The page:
I jumped in the truck with one of the other elves riding shotgun, using my phone app to navigate us down the hill to Billings Street, and over to Third Street to find the Carpenter House Museum and Gallery where Mindy was questioning local historical society officer Charlene Kauzlarich. “Pointyshoe,” she called over to me, “we examined Hans’ skis up on the third floor exhibit. There were traces of the magic dust on them. We had to use our instruments to detect it however, as it was activated into full conceal mode. Something in this museum was affecting it. I asked Mrs. Kauzlarich here if anything was anything unusual or out of place and she said this music box had just shown up on top of the piano.” When  I opened the ornate carved wooden box, skaters on a frozen pond glided along to the Walking in a Winter Wonderland tune. “I’m getting magical readings off the charts and this receipt from a local secondhand store was found inside sir,” Mindy reported. We had our next clue!

As we were returning to the truck, I got a text from Tinker back at the sleigh. “Seat repaired 🙂 Called around for replacement runner parts. Got a lead to talk to a nice guy named Chuck. He should be calling you soon.” The phone rang a few seconds later, and the voice on the other end said his name was Chuck Wallick with Mountain Auto Parts here in Cle Elum, and that he might be able to help us. Their NAPA parts store didn’t get much call for sleigh parts these days, but he had noticed some in the back of a farm truck when he was checking the battery for a guy who had come in for help last week. He had called the farmer, who agreed to meet up with us at a local coffee shop. I dropped Mindy off to talk to the thrift store owner while I drove out to the east end of Cle Elum.

In the parking lot outside of Gunnar’s Bistro, I quickly spotted the pickup with a perfect sleigh runner in the back. I was more than ready for a cup of Joe by this point, and coffee shops are a great place to get leads from locals, so this unplanned stop could really pay off. I went inside and the aroma of fresh brewed coffee hit me right away. I had a hard time deciding between all the flavors like Peppermint Bark and Snowflake, but chose a Pumpkin Pie spice flavored coffee. Seated near the back was a man in overalls waving to catch my eye. While we were working out the deal on the runner, a woman at a nearby table saw my ears and asked if I had been to a lumberyard near the I-90 interchange earlier in the week. I replied that I hadn’t, but why did she ask? Turns out she had seen someone of my stature and distinctive ear shape ahead of her in line there. Hmmm, nothing was scheduled on the books, so what would an elf be doing in Cle Elum?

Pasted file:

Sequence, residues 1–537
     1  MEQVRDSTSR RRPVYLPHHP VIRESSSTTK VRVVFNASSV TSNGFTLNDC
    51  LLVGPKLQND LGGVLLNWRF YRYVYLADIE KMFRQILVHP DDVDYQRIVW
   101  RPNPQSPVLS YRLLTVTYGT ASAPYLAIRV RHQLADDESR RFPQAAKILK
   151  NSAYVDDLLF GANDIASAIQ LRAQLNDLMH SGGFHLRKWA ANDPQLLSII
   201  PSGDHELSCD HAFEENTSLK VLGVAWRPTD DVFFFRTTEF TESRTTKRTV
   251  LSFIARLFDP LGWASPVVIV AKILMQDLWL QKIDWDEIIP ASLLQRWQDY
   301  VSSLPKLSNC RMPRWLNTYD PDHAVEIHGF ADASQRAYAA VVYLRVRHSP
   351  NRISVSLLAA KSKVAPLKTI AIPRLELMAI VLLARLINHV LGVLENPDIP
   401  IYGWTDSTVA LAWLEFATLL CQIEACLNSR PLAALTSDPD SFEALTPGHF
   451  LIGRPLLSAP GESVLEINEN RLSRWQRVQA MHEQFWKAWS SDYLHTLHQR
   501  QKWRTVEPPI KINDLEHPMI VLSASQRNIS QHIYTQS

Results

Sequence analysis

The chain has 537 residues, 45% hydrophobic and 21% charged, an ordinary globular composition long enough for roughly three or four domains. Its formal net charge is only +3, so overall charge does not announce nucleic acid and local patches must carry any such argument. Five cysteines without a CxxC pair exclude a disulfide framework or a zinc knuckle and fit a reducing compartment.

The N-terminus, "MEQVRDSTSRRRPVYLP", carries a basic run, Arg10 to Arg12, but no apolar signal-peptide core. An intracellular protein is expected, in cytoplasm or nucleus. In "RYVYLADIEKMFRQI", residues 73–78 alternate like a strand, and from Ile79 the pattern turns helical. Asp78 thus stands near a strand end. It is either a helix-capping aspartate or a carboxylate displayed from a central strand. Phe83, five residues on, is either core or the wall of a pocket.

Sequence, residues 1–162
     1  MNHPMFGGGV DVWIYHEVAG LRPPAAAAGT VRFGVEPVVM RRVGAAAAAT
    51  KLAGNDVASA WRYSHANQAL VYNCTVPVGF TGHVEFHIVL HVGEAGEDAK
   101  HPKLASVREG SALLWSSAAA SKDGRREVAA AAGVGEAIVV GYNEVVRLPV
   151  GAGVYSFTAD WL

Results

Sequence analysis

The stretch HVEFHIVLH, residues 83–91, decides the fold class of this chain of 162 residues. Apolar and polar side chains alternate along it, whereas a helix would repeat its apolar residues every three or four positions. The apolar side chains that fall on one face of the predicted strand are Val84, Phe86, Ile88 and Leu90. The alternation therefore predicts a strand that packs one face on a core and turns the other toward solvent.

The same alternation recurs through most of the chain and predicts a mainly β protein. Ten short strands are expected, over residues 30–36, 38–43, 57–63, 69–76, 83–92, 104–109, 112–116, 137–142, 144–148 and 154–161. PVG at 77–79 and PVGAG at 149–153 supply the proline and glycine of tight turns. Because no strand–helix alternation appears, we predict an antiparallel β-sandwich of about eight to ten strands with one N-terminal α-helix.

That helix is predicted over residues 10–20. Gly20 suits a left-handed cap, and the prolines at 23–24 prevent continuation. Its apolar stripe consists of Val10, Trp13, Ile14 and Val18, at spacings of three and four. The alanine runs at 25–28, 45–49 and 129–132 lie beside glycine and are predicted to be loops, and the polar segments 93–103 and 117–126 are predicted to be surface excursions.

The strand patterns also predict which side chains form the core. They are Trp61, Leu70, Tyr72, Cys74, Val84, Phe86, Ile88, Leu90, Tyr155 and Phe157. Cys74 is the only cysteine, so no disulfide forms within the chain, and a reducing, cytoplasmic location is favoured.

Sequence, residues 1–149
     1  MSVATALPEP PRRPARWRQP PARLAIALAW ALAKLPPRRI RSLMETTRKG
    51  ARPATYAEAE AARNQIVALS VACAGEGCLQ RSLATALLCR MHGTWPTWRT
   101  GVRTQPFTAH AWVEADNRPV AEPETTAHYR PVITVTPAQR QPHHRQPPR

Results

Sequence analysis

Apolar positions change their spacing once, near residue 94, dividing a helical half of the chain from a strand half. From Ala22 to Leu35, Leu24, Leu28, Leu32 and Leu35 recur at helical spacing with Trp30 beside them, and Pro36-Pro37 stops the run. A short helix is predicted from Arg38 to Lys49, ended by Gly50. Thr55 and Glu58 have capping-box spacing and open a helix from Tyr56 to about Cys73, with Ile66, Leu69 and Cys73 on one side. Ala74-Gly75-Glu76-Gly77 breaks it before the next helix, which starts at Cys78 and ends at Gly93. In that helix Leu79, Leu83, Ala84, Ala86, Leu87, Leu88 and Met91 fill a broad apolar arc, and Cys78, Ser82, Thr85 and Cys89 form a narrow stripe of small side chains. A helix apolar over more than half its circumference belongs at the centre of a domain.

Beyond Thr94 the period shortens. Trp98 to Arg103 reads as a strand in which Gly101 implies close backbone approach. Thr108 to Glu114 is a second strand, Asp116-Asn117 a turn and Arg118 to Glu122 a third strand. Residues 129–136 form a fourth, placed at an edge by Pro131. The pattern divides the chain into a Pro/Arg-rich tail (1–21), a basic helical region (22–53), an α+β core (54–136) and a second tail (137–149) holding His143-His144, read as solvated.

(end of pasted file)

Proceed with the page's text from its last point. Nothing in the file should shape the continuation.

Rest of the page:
Maybe this mysterious visit had something to do with the magic coal dust’s disappearance. I scribbled this possible lead into my trusty notebook, finished making the deal for the runner, and loaded it up in the truck, and called Tallymaker to check in on Boss Claus.

Tallymaker said Santa had been released but they hitched a ride from an old friend to the Cle Elum Bakery to replenish his pockets with chocolate chip cookie treats for the reindeer. You see, Claus has been coming to this bakery since the brick oven, which has never cooled, was first fired up over a century ago. He clearly remembered the pride he felt at the coming of age milestone when Ivan Osmonovich first scratched his name on one of the bricks in 1961 as a full-fledged baker, an old tradition in the family bakery in which he had grown up. Claudia Osmonovich winked at Tallymaker as she dropped something in the bag with the cookies. It turned out to be a packet with a Seahawks 12th Man decorated cookie and a note from Ivan, but all it said was, “Across the street, punching this is the key to drumming up a clue.”